For a temporary structure only intended to mark the Millennium, the London Eye has become a permanent fixture in the hearts of Londoners and on the landscape of the South Bank cultural precinct. Opened in 2000, the London Eye represents the turn of the century and regeneration, one slow-moving revolution at a time.
The London Eye (officially EDF Energy London Eye) is the largest cantilevered observation wheel, and was originally only supposed to turn over the Thames for five years but proved so popular it stayed. At 137m high and with 32 glass pods each holding up to 28 people, the giant Ferris wheel offer spectacular views over London and beyond. On a clear day, you can expect to see for around 40km from the top to view all the city's famous landmarks. One rotation of the wheel, known as a flight, takes 30 minutes for a slow-moving graceful ride that allows people to hop on without stopping. The view at night-time is equally as spectacular with the lights of the city and illuminated bridges.
Private capsules with hospitality options are also available for hire for weddings, corporate events and special occasions for a maximum of 25 guests. To up the romance, London Eye also provides a Cupid's Capsule experience for two guests with champagne and chocolate truffles, plus a Champagne Capsule for up to 25 people with bubbly and beverage service. The London Eye is busiest in the summer months of July and August and daily during 11am to 3pm. During winter, there is also an ice rink offering 45-minute skating sessions for up to 100 people per session. Adult tickets are from £9.45 and child entry from £6.75, which includes ice-skate hire.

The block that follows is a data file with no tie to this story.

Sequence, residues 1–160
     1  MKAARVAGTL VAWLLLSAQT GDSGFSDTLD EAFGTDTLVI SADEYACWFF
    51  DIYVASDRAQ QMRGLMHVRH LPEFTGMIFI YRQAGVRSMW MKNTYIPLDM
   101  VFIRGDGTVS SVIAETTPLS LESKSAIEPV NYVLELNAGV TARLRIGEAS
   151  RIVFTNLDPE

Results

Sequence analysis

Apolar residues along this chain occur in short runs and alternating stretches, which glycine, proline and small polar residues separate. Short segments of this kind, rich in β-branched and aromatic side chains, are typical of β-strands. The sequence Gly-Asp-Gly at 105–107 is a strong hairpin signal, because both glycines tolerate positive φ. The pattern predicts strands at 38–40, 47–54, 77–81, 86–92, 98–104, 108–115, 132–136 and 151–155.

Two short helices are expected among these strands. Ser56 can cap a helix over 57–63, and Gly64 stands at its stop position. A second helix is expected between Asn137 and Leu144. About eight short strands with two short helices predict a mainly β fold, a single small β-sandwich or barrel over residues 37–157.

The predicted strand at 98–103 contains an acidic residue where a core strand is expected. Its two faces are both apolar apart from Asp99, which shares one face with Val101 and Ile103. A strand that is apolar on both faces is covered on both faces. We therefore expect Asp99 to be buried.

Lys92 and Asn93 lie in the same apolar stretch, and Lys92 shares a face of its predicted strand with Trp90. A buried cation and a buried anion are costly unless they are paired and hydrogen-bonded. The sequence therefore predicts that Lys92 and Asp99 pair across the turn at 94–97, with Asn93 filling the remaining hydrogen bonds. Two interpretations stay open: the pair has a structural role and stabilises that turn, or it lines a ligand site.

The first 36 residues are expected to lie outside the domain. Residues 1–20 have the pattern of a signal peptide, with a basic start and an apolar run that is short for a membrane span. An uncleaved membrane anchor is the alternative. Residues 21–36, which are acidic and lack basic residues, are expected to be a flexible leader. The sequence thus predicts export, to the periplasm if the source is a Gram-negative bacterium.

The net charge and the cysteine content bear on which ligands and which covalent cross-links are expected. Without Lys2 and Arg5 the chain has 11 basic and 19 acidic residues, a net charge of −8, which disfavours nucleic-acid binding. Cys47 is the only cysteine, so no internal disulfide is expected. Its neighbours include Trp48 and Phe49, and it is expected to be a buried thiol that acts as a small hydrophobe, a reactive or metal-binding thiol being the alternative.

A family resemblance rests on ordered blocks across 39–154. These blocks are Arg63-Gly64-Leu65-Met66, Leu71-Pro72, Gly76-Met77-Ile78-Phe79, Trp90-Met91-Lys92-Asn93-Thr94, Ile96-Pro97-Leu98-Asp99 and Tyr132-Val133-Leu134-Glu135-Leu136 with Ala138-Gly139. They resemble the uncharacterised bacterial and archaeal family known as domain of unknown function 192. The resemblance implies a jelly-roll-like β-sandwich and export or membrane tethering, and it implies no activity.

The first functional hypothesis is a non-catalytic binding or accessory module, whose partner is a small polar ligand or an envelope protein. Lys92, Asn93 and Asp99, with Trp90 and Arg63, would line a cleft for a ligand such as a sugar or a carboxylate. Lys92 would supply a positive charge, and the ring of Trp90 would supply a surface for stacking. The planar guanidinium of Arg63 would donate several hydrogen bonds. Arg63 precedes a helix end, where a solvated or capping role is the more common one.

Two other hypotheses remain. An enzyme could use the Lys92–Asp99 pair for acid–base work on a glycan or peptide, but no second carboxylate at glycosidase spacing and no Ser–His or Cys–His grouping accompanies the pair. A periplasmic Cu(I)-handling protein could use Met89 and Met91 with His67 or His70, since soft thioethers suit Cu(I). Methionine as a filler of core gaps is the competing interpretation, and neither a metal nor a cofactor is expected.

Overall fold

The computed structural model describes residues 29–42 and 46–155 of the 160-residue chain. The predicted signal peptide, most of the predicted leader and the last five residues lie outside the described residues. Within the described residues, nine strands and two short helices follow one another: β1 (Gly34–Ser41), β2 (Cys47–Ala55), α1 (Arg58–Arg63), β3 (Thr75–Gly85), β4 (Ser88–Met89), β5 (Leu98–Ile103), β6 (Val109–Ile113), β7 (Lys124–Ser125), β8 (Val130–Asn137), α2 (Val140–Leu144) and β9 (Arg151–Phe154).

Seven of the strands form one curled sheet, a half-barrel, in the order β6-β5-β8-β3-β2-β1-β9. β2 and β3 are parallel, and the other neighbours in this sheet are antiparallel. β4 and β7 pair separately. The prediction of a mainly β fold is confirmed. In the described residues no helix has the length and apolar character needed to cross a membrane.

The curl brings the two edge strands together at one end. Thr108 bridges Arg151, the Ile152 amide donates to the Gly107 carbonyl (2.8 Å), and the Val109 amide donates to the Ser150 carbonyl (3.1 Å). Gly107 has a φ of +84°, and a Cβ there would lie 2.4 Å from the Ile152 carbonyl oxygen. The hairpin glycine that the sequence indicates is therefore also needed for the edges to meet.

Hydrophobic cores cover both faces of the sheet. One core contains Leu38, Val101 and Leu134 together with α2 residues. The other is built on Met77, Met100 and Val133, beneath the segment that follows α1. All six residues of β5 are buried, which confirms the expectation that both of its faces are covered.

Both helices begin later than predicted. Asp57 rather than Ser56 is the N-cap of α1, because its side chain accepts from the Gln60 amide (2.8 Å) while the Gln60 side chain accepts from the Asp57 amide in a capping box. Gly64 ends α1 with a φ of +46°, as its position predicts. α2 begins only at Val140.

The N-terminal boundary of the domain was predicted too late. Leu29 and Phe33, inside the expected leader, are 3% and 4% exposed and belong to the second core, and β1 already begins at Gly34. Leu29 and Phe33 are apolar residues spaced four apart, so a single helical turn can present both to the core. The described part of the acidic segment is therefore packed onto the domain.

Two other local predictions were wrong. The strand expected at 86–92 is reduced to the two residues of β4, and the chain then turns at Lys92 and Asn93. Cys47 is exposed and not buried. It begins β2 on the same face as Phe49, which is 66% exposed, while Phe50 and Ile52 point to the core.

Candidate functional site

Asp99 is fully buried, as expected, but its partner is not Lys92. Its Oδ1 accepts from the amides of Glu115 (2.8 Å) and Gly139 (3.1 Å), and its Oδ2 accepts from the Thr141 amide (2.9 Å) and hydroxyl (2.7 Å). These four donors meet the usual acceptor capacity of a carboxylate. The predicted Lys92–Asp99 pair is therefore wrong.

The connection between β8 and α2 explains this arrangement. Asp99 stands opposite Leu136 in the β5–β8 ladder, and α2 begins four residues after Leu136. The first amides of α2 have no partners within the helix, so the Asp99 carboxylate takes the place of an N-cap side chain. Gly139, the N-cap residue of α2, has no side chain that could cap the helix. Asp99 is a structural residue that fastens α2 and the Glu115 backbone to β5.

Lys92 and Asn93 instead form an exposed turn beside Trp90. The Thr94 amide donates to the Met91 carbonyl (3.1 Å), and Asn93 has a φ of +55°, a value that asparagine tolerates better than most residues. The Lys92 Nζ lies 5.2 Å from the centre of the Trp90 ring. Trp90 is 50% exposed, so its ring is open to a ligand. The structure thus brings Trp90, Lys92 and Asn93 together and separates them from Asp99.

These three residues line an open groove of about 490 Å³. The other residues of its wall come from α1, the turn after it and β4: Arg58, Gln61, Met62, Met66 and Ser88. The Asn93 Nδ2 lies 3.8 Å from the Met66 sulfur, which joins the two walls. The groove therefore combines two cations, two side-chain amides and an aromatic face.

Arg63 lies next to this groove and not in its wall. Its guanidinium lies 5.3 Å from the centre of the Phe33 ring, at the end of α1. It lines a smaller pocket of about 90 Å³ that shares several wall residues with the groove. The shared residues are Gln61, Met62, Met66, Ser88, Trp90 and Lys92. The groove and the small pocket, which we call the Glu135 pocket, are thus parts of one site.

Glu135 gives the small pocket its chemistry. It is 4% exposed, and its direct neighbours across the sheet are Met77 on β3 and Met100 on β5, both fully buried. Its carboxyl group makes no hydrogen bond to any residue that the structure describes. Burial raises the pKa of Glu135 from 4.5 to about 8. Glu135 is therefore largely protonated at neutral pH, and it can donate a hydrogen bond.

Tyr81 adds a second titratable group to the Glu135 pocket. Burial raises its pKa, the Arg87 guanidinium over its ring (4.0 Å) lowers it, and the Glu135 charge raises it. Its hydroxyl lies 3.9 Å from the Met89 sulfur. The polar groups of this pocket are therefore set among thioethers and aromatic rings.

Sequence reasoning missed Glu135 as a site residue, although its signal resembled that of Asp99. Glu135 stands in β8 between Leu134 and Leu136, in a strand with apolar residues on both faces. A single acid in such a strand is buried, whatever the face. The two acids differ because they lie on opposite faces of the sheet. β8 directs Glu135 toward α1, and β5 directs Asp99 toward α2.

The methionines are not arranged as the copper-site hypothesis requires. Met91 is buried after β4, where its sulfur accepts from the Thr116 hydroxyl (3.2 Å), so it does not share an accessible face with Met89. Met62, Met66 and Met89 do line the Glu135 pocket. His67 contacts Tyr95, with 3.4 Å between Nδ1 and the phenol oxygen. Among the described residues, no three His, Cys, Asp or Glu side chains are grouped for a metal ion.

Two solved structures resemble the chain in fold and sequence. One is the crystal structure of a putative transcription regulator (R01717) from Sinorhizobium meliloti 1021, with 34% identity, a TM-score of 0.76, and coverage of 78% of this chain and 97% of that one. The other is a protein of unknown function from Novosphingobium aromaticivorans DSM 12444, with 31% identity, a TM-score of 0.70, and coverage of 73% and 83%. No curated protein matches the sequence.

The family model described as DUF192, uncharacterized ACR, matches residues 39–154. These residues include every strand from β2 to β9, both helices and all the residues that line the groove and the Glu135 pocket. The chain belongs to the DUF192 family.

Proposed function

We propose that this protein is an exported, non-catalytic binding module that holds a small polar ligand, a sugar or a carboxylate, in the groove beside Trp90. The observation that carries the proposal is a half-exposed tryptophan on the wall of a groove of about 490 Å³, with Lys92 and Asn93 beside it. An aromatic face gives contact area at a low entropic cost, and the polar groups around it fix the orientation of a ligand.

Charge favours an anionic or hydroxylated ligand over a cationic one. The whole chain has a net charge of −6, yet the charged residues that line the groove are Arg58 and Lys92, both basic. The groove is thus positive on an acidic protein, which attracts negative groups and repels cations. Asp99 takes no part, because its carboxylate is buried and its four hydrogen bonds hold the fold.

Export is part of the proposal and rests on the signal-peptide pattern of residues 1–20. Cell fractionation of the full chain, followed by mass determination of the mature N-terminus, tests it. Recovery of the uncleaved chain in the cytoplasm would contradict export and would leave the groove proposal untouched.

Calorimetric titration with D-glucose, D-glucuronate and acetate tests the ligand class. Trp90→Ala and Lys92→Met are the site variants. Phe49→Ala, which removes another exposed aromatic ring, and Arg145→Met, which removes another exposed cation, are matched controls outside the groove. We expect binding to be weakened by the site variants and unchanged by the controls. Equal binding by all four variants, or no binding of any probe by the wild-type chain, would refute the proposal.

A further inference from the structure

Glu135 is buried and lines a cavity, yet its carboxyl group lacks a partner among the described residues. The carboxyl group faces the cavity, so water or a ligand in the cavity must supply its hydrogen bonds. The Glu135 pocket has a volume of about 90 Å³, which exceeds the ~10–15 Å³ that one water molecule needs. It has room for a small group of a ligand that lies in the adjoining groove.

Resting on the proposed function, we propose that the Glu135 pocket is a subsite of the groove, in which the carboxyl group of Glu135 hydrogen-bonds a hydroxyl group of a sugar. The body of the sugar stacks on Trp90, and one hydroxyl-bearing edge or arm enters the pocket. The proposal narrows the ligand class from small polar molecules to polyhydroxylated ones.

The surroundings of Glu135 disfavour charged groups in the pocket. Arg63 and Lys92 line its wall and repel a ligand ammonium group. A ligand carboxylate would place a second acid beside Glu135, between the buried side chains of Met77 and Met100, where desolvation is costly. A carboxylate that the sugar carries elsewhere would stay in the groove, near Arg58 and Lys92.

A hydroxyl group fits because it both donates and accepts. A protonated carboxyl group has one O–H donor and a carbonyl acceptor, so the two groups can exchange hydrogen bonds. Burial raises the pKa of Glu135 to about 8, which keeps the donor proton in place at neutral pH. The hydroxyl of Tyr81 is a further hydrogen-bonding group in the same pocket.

Tickets to the London Eye start from £17.28 for adults, £11.07 for children aged four to 15 years and free for under-fours. It's cheaper to purchase your tickets online where various pricing structures allow you to skip the lines too. To visit the London Eye, the closest Tube station is Waterloo and then a five-minute walk down Westminster Bridge Road.